Comey confirmed during his testimony that he discussed these events on a regular basis with the “senior leadership team” of the FBI — which he identified as his deputy director, chief of staff, and the general counsel — and then named two other senior FBI officials who attended meetings about Trump’s attempts to influence the FBI’s Russia investigation on a number of occasions.

Since Comey’s testimony, Trump and his political supporters have personally targeted all three FBI officials.

Rybicki has been the frequent target of Republican attacks in recent months. This week, Wray announced that Rybicki, who had continued as chief of staff under the new director, was resigning.

Trump also mentioned Baker, who was recently replaced as the FBI’s top lawyer, following allegations that he had served as a source for a reporter. “Wow, ‘FBI lawyer James Baker reassigned,’ according to @FoxNews,” Trump tweeted on Dec. 23.

McCabe, at the time Comey identified him as a corroborating witness, was acting director of the FBI. McCabe became interim director when Comey was fired and then went back to being deputy director after Wray was named as the new FBI director.

As acting FBI director — and later returning as deputy director — McCabe could potentially be, next to Comey, the most damaging FBI witness against Trump in Mueller’s investigation.

Trump has singled out McCabe for his most aggressive attacks.

On July 26, Trump tweeted that Sessions should fire McCabe: “Why didn’t A.G. Sessions replace Acting FBI Director Andrew McCabe, a Comey friend who was in charge of Clinton investigation but got … big dollars ($700,000) for his wife’s political run from Hillary Clinton and her representatives. Drain the Swamp!”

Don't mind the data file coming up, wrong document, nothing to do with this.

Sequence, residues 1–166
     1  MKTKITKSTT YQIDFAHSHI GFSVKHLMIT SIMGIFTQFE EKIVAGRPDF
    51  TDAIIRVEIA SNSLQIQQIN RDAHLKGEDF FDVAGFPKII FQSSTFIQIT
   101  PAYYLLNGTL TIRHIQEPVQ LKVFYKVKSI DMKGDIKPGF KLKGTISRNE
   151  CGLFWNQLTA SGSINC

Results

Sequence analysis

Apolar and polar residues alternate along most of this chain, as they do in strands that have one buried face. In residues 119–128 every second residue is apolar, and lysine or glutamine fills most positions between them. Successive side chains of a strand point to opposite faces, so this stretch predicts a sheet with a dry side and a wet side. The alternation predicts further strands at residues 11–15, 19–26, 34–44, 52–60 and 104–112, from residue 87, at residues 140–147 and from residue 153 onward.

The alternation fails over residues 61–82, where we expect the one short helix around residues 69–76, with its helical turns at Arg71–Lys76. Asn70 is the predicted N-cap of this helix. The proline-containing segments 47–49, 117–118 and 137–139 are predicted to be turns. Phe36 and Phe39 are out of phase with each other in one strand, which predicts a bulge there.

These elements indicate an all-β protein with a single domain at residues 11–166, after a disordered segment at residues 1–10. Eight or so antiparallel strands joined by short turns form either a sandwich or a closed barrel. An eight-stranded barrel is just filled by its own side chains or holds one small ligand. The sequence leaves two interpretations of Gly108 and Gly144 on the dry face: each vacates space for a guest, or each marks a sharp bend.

Trump was making reference to the fact that McCabe’s wife — Jill McCabe — had run for the Virginia State Senate and received hundreds of thousands of dollars in campaign contributions from the Virginia Democratic Party, as well as from a political action committee associated with then-Gov. Terry McAuliffe, a close political ally of the Clintons.

Jill McCabe received no money directly from Hillary Clinton.

Andrew McCabe helped oversee the FBI’s investigation of Clinton’s use of a private email server. FBI ethics officials cleared McCabe’s involvement in the case, which occurred long after his wife’s political campaign was over.

After it was reported that McCabe planned to retire later this year, Trump tweeted: “FBI Deputy Director Andrew McCabe is racing the clock to retire with full benefits. 90 days to go?!!!”

Murray Waas is an independent journalist who often writes about national security matters and law enforcement, and where the two intersect.He has worked most recently as the investigations editor for Vice, as an investigative reporter for Reuters, and as a senior correspondent for National Journal. He has also written for the New Yorker, the Atlantic, the Boston Globe, the New York Times, the Los Angeles Times, the Washington Post, Vox, Foreign Policy, the American Prospect, and numerous other publications.Waas has been a finalist for the Pultizer Prize for his reporting for the Los Angeles Times about the covert policies of the first Bush administration in the Middle East leading up to the first U.S. war with Iraq.He has been a winner of Harvard University's John F. Kennedy School's Goldsmith Prize for Investigative Reporting, a winner of the Barlett & Steele Prize for Business Investigative Reporting, and a winner of the Society of American Business Editors and Writers investigative reporting prize. Twitter: @murraywaas